My concern is that this may be an inappropriate use of data. By focusing on and analyzing a single connection, instead of analyzing the value of being part of a connected site as a whole, we have inappropriately narrowed the discussion. There may still be lots of legitimate questions, including whether this one expensive connection is vital to connectivity, but breaking out one connection for cost/benefit analysis probably amounts to not asking the right question. Other relevant questions might include the level of empirical support for the assertion that there is a relationship between economic value and connectivity, or that this level of connectivity is necessary for “a connected community.”
To advance arguments for urbanism in response to economic problems during a time of tight money, this supporting data is increasingly necessary.
Ad hoc urbanism and starchitecture
I too have great fears that the “desire for results certainty” will lead to short-sighted solutions. We need to do a better job of collecting and disseminating data, remembering that successful research is contingent on formulating the right kinds of questions — questions that will lead us to learn about new economic potentials and possibilities for the second-generation of suburban retrofits.
I am heartened by the growing interest in the contingent and ad-hoc urbanisms that have recently been successful in catalyzing change in many places — street vendors, Critical Mass bike rides, Greenstreets, Park(ing) Day. But we do need data to back up the ideas.
Turning to the discipline of architecture, another front-burner question for me concerns the opportunity to better position the benefits of suburban retrofitting within ongoing discussions of sustainable urbanism and the long overdue death of “starchitecture.” I believe we have a strategic opening right now to transcend style questions that have dogged New Urbanism, especially within academia (and which does have consequences for the ability to effect change), by asserting — again — that the challenges are so complex that no one can legitimately afford to continue to frame this as simply a matter of style or taste.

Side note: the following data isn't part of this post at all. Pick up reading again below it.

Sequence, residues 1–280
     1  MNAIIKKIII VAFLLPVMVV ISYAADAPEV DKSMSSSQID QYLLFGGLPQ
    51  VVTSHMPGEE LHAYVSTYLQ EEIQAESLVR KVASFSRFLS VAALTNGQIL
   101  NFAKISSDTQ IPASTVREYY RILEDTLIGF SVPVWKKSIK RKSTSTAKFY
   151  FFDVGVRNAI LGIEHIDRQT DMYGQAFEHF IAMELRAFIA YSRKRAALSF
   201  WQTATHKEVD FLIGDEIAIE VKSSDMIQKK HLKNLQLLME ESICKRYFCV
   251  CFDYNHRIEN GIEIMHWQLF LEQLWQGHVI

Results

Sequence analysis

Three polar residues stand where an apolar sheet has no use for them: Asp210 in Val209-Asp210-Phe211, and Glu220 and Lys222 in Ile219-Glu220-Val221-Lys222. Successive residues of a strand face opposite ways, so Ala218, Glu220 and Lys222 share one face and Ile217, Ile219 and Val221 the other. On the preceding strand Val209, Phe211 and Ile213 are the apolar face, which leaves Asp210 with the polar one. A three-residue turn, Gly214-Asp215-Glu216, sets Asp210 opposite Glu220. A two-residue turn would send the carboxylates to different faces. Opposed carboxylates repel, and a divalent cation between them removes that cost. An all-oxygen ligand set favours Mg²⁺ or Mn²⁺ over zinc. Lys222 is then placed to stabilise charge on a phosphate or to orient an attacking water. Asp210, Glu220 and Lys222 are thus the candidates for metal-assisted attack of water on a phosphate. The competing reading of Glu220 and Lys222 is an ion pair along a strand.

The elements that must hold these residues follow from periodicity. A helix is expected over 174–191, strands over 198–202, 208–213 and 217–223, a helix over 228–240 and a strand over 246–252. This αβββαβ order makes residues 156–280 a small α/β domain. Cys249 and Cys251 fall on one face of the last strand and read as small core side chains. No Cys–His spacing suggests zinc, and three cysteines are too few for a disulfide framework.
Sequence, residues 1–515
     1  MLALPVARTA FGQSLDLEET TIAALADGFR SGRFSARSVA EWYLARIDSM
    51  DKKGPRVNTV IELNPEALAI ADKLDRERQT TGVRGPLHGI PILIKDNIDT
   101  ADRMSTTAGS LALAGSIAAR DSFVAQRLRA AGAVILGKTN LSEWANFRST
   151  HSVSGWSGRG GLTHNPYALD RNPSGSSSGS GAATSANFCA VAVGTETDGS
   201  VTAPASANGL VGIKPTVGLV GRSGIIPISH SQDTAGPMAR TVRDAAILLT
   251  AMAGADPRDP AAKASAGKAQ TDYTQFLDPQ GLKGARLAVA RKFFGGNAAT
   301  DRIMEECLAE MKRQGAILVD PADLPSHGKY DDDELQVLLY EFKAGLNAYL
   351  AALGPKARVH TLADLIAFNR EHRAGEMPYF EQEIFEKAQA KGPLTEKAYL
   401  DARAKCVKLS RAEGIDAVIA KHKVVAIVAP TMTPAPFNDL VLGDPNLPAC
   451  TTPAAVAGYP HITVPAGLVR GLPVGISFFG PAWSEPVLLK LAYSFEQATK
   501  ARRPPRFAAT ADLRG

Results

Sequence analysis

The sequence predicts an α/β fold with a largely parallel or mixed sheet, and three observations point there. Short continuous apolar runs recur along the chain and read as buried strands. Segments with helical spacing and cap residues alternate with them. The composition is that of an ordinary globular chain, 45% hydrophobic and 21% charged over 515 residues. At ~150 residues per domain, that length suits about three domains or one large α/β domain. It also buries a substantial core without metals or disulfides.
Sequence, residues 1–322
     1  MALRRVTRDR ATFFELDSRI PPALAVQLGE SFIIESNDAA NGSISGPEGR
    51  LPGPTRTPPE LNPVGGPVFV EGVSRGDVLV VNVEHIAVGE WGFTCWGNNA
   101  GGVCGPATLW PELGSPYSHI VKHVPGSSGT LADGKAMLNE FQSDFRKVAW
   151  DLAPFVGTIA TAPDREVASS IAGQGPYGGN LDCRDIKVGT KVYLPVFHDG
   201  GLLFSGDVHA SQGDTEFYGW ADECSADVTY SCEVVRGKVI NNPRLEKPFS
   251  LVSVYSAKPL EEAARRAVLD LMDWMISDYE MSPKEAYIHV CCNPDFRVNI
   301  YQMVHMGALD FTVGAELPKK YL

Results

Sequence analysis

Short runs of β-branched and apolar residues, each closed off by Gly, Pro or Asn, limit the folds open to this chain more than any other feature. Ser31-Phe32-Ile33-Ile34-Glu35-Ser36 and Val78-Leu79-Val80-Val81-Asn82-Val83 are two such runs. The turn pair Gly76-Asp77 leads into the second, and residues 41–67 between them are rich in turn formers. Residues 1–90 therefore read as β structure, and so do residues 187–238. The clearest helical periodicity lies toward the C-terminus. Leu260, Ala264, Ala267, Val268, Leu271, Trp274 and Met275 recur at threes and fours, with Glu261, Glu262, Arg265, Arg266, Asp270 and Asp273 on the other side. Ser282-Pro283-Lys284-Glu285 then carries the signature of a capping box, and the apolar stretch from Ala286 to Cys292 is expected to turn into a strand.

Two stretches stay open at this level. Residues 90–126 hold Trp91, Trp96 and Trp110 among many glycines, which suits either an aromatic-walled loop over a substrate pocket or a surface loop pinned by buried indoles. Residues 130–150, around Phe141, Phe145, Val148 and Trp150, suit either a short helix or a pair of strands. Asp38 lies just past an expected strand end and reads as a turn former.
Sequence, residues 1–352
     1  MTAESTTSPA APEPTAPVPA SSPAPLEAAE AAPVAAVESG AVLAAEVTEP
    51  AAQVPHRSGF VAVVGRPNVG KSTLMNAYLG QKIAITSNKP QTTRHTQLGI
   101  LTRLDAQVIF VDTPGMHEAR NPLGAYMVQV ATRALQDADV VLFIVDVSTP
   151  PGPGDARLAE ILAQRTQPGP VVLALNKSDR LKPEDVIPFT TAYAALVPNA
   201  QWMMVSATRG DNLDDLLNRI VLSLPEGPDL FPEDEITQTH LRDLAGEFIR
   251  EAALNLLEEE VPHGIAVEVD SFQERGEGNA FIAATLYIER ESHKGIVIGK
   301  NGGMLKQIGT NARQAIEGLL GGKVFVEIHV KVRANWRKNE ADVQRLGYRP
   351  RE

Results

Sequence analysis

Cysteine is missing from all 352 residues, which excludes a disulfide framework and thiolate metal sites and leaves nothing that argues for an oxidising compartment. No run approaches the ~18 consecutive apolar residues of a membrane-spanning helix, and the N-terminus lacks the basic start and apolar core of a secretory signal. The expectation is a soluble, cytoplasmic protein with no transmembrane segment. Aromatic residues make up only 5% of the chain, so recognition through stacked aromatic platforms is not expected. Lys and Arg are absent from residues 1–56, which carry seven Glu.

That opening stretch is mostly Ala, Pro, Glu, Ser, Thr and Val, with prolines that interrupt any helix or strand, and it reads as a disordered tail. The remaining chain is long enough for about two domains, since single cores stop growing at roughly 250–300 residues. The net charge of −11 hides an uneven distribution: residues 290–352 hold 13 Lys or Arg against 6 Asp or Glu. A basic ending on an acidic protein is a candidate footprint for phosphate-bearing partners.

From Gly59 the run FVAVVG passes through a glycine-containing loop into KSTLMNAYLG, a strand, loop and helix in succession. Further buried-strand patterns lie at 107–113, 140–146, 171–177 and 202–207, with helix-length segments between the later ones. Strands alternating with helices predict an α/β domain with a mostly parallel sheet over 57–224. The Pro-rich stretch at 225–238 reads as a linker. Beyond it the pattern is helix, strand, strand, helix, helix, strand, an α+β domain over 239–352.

Can suburban retrofitting be taken seriously as architecture? The Build a Better Burb ideas competition that Galina and I were involved in last year on Long Island introduced some provocative new design DNA in response to a compelling greyfield audit of thousands of acres of vacant land and surface parking lots near railroad stations. Can we hold more competitions like this, to open up new visions and engage ever more design minds in our Big Project?
I’m also interested in seeking out creative thinking beyond the now-clichéd “live-work-and-play” mantra for mixed-use. How can we expand our understanding of the “work” piece of the triad, beyond office use? Can we seed suburban landscapes that are truly productive? And what about exploring modes of “play” that are not consumption-oriented? The “live” part also needs a reset. Multi-unit housing developers must be nudged, cajoled, and, if necessary, pushed into implementing options that are affordable, flexible, and responsive to the new demographics: for sharing by unrelated adults, for cottage housing, for accessory dwelling units of all types and sizes, and for age- and income-integrated living wherever and however it can be achieved.